BBC innovations such as children’s VoD service iPlay, should not come at the cost of existing services, according to a BBC Trust survey.


A consultation by the corporation’s governing body has discovered that while the public is keen for the BBC to “continue to lead the field in broadcasting”, there is concern over how any developments would be funded and the potential knock-on effect.

On Wednesday the Trust published a 46-page report, which took in 11,583 responses and closed in November, to examine the British, Bold, Creative proposals, unveiled by director general Tony Hall at the Science Museum in London in September.  

Hall’s proposals included improving partnerships with arts and education bodies, making the BBC “internet fit”, and introducing innovations such as children’s VoD service iPlay.

“Although there is little outright opposition to most of the suggested changes, there are several questions over how the new services would work in practice, specifically in terms of their funding, accessibility, and the impact their introduction would have on existing services,” the Trust report stated.

The report highlighted that “a perceived lack of clarity over how each of the ideas would eventually be funded” had fuelled fears that the changes would result in cuts to existing services, particularly news.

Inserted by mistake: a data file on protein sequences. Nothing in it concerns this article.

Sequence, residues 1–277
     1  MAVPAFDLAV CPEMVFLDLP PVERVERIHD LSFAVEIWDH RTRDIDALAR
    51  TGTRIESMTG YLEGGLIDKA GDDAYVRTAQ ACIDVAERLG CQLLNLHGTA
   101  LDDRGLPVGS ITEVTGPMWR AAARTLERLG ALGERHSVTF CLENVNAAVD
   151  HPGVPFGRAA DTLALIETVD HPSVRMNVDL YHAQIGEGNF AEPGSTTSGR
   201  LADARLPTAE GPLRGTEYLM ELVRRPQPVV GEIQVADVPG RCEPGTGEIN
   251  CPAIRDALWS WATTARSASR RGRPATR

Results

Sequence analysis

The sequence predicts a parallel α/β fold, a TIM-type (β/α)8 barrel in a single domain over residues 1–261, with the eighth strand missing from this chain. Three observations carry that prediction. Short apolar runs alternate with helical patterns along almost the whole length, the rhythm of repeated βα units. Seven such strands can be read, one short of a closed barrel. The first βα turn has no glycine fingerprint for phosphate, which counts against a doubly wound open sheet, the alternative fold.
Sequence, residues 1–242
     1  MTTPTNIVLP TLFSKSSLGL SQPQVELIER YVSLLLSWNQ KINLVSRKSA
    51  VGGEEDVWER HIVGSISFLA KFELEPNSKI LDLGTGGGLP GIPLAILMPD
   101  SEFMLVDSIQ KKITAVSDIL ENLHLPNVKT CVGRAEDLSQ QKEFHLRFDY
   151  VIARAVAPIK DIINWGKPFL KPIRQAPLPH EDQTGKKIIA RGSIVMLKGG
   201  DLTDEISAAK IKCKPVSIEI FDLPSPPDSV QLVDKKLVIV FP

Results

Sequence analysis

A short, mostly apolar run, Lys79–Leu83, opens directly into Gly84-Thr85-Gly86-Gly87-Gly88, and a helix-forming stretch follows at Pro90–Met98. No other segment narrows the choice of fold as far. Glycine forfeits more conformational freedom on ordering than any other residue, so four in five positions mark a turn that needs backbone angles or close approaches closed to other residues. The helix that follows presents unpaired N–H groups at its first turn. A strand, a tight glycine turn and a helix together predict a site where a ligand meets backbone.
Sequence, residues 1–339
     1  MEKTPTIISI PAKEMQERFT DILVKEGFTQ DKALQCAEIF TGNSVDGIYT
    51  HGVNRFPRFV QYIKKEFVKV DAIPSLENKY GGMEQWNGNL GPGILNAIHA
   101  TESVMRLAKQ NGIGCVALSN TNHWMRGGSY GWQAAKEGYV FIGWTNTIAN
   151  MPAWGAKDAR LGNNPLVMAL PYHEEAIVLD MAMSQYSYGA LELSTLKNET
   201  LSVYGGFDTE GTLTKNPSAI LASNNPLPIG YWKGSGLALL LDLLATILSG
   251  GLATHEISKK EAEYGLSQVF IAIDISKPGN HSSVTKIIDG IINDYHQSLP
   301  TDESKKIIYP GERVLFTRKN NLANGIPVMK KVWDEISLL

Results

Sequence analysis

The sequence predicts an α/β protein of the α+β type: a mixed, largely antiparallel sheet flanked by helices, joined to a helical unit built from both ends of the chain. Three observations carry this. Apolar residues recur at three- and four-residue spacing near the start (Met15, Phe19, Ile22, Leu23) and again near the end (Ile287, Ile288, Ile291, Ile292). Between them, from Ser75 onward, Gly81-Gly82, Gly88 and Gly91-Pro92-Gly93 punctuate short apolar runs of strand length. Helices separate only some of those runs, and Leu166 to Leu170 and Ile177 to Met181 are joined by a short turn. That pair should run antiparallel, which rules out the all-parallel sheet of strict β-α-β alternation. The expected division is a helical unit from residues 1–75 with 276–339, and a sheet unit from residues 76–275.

The BBC’s news coverage, along with its original drama, were highlighted as the areas in which the BBC excels – although respondents called for a better balance between local, national and UK-wide services.

The consultation formed the second phase of the Trust’s overall charter review consultation, which kicked off with publication of the government’s green paper in July.

The first phase ran from July to September and found there was an “extraordinary degree of popular support” for an independent and universal BBC and desire to see more distinctive services.

BBC Trust chairman Rona Fairhead said: “Over 50,000 people have responded to our two consultations and they have been clear that their future BBC must deliver the services and programmes they value, while continuing to innovate and do more to reflect the whole UK population.”

A BBC spokesperson said: “We are committed to providing services for all audiences, regardless of their situation. Whilst digital services provide unique creative opportunities and new ways to access content, we believe it’s possible to find a balance that ensures all audiences can benefit. For example, when BBC3 becomes a digital service its long form content will still be available on BBC1 and 2. We also have a major role in helping all audiences make the transition to new technology as we did with Digital TV, and we expect this to continue in the future.”

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